Indian Dermatology Online Journal

: 2019  |  Volume : 10  |  Issue : 4  |  Page : 496--497

Munchausen syndrome by proxy

Anuradha Kakkanatt Babu1, Akbar Mohamed2, Namitha Das3,  
1 Department of Dermatology, Aster Medcity, Kochi, Kerala, India
2 Department of Pediatric Neurology, Aster Medcity, Kochi, Kerala, India
3 Department of Psychiatry, Aster Medcity, Kochi, Kerala, India

Correspondence Address:
Anuradha Kakkanatt Babu
Department of Dermatology, Aster Medcity, Kochi - 682 027, Kerala

How to cite this article:
Babu AK, Mohamed A, Das N. Munchausen syndrome by proxy.Indian Dermatol Online J 2019;10:496-497

How to cite this URL:
Babu AK, Mohamed A, Das N. Munchausen syndrome by proxy. Indian Dermatol Online J [serial online] 2019 [cited 2020 Jul 10 ];10:496-497
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Full Text

A 5-year-old girl was brought by her parents with a 2-day history of fluid-filled and crusted skin lesions. While admitted in the hospital, the number of lesions increased day by day. On examination, the child was drowsy, and multiple hyperpigmented crusted plaques and vesicles were seen on face, trunk, and limbs [Figure 1]. Most of the lesions showed a peculiarly similar morphology which could be matched to have been made using a cigarette lighter [Figure 2]. Blood sample of the child which was sent for toxicology screening showed significant levels of alcohol. On further interrogation, the parents subtly admitted to have been intoxicating the child with alcohol to make her drowsy and fabricated the skin lesions using hot metallic rim of a cigarette lighter. On further inquiry, the parents admitted that they used to get money from their local religious organization on the claim of having a sick child. A diagnosis of Munchausen syndrome by proxy (MSBP) was made. Child welfare society was informed about this case who did the needful for the protection of the child. Parents were referred to psychiatry department for expert management.{Figure 1}{Figure 2}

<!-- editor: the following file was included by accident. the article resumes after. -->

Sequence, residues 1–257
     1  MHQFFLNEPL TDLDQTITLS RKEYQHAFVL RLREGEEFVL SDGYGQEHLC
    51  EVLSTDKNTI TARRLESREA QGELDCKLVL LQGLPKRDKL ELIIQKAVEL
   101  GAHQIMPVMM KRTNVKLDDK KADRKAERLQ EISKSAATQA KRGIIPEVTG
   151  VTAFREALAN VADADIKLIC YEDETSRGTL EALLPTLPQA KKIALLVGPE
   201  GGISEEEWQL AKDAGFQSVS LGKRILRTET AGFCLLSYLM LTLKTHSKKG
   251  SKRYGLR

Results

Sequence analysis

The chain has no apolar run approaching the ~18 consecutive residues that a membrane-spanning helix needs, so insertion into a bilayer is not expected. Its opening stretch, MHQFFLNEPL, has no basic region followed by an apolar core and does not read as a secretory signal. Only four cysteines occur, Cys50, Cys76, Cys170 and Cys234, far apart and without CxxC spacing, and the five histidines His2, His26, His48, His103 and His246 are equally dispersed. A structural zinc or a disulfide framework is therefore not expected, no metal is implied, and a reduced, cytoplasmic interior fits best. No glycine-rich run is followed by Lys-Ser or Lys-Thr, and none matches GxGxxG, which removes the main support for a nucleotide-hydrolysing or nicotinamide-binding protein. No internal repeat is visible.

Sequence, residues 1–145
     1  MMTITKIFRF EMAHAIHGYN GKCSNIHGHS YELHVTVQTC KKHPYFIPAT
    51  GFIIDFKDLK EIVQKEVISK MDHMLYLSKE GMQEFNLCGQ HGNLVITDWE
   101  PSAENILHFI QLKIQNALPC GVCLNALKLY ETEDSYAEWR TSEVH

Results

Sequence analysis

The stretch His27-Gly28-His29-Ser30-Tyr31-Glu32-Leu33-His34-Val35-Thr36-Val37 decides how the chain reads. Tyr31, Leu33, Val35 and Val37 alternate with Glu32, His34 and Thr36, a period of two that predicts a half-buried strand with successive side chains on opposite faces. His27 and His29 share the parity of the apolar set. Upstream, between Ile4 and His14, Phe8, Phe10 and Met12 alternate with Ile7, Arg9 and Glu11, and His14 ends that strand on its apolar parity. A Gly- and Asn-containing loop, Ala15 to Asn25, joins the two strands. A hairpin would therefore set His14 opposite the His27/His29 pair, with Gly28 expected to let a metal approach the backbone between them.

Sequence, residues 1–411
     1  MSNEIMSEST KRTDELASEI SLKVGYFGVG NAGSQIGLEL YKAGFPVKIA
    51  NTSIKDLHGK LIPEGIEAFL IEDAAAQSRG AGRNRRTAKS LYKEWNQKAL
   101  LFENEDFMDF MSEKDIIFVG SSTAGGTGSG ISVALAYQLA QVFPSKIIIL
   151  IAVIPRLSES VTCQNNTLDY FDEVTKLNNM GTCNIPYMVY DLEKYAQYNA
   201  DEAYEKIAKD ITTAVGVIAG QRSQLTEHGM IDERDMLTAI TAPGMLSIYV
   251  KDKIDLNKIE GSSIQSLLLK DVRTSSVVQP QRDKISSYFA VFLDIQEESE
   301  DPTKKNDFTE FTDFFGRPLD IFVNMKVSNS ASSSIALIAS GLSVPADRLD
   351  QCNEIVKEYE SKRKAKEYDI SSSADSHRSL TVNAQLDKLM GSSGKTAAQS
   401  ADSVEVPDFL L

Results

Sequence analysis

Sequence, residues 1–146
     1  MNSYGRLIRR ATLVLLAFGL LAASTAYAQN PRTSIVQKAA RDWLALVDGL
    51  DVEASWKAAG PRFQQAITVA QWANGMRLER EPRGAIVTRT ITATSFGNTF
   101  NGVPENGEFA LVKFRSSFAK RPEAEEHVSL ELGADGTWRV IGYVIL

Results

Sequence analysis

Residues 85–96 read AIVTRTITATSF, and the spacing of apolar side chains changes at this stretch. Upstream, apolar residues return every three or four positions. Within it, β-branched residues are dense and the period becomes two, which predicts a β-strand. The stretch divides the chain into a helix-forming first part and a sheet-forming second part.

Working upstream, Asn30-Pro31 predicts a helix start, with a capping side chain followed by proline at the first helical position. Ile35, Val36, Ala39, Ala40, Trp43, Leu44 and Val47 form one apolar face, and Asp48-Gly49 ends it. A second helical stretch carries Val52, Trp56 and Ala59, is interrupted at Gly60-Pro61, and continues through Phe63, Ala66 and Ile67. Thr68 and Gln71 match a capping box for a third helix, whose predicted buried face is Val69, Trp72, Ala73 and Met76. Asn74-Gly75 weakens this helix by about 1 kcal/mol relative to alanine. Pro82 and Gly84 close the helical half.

MSBP was named after Baron von Munchausen, an 18th-century German dignitary known for making up stories about his travels and experiences to get attention.

MSBP is characterized by four important features: (i) fabrication of illness by caretaker or giver, (ii) child subjected to multiple diagnostic procedures and characterized by persistent illness, (iii) the perpetrator denies the cause of child illness, and (iv) theseparation of the child from the perpetrator stops the symptoms and signs presented by the child.[1]

In a review of 451 victims of MSBP by Sheridan, a majority of the perpetrators were biological mothers (76.5%) or fathers (6.7%).[2]

MSBP is a mental illness and may require treatment. Reduction of harm to the child remains to be the main aim. The golden rule is to try to build a strong rapport with the perpetrator and motivate to begin psychopharmacotherapy.[3] If there is an acute threat and if there is no motivation for therapy, the help of child protection services and legal services may be sought.

Declaration of patient consent

The authors certify that they have obtained all appropriate patient consent forms. In the form the patient(s) has/have given his/her/their consent for his/her/their images and other clinical information to be reported in the journal. The patients understand that their names and initials will not be published and due efforts will be made to conceal their identity, but anonymity cannot be guaranteed.

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Conflicts of interest

There are no conflicts of interest.


1Brown P, Tierney C. Munchausen syndrome by proxy. Pediatr Rev 2009;30:414-5.
2Sheridan MS. The deceit continues: An updated literature review of Munchausen Syndrome by Proxy. Child Abuse Negl 2003;27:431-51.
3Narang T, Kanwar AJ, Kumaran MS, Singh SM. Munchausen by proxy in a family. Indian J Dermatol Venereol Leprol 2012;78:748-50.